Personal injury in sharp focus as workplace accidents rise
According to provisional Health and Safety Executive (HSE)
data, 50 construction industry workers died in industrial accidents
last year, nine more than in 2009-10.
Although the increase bucks a five-year downward trend, such fatalities remain more common in construction
than in any other sector. With the emergence in India of a new asbestos-related lung disease a further concern, occupational health and safety is once more high on the workplace agenda.Bryan Nott, partner at Simpson Millar LLP
says employers – those who, in essence, create the risks – should do their utmost to ensure that their workforce is adequately protected against injury and fatal accidents
"In the last decade the large builders have improved demonstrably," observes Bryan. "Many of the smaller UK firms are lagging behind in safeguarding the health and welfare of their employees."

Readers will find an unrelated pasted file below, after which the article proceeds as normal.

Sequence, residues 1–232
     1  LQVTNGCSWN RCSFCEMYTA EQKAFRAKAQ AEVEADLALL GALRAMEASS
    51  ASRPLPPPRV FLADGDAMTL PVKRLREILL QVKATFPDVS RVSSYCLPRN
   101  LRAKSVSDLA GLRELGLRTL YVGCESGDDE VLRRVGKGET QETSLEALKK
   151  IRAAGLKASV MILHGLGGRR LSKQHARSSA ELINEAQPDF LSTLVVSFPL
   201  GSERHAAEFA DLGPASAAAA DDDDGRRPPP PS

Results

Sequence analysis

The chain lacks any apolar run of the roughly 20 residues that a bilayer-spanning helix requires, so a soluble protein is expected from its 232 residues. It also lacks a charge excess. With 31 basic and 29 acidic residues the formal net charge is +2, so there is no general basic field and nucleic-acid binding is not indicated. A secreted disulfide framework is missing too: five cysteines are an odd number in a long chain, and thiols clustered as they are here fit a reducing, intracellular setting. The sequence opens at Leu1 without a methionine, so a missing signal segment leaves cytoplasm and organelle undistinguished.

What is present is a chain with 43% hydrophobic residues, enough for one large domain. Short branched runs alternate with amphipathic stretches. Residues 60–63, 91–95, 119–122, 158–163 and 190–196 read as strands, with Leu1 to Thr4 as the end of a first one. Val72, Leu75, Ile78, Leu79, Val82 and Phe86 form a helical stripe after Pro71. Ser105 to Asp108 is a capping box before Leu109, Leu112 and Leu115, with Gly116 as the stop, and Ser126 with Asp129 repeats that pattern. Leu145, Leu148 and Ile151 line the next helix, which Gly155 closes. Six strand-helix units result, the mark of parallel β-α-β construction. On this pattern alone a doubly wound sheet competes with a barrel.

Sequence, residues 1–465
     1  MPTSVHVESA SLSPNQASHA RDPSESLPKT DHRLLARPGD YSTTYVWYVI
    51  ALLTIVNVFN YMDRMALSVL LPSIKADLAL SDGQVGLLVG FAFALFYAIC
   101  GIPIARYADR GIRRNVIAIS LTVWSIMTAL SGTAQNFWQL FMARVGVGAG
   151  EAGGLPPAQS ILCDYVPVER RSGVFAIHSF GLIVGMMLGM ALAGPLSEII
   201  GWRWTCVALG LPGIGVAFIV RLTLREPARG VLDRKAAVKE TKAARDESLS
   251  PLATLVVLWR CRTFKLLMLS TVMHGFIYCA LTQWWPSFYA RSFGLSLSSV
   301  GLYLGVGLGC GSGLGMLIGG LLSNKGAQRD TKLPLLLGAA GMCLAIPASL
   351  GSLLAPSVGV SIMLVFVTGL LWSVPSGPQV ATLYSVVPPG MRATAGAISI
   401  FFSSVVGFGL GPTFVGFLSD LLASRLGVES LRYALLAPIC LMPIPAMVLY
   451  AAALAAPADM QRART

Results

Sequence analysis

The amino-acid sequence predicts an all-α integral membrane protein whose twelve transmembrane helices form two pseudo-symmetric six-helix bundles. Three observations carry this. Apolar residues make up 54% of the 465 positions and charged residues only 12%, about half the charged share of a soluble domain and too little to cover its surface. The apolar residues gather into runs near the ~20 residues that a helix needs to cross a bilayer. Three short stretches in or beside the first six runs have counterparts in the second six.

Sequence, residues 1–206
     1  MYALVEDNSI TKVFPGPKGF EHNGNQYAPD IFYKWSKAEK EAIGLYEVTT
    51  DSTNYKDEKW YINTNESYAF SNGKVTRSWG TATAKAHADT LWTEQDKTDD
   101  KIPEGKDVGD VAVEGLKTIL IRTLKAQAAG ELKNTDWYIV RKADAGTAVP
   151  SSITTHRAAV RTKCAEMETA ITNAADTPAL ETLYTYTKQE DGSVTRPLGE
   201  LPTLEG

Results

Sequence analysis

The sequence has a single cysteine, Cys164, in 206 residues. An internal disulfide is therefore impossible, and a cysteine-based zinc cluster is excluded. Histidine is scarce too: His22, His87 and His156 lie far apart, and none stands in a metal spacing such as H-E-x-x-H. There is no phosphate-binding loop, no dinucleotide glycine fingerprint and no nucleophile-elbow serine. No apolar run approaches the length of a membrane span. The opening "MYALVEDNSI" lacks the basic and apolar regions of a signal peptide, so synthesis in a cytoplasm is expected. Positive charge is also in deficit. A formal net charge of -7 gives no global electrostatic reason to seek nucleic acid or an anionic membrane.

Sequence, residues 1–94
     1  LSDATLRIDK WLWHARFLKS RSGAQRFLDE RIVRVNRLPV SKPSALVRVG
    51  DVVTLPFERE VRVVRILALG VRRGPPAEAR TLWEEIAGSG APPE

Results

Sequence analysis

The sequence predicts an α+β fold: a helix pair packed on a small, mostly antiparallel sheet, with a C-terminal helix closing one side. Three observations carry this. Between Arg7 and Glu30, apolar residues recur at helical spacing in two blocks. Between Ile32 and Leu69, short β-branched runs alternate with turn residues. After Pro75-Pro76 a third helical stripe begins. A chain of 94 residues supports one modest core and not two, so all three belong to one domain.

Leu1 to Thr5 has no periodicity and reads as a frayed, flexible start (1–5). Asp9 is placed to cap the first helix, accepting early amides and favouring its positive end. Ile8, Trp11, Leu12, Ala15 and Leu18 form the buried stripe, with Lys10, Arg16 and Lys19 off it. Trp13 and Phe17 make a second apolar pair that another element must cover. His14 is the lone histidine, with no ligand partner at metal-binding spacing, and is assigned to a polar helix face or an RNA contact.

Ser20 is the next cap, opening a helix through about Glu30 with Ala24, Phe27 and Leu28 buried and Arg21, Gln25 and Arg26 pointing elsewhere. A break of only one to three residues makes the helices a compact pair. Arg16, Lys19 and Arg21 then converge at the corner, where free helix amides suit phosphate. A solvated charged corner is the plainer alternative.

These latest figures highlight how vital regular research into the manufacturing technologies and processes which potentially foster new illnesses and exposure to injury
is, to ensure the safety of workers.
Whilst the employers’ responsibility is clear, Bryan says that individuals must remember to play their part.
"Anyone who works in a dangerous environment should know their rights to seek personal injury compensation
if they have had an accident," he says. "Ultimately, money’s not the issue but securing the future through foresight and common sense."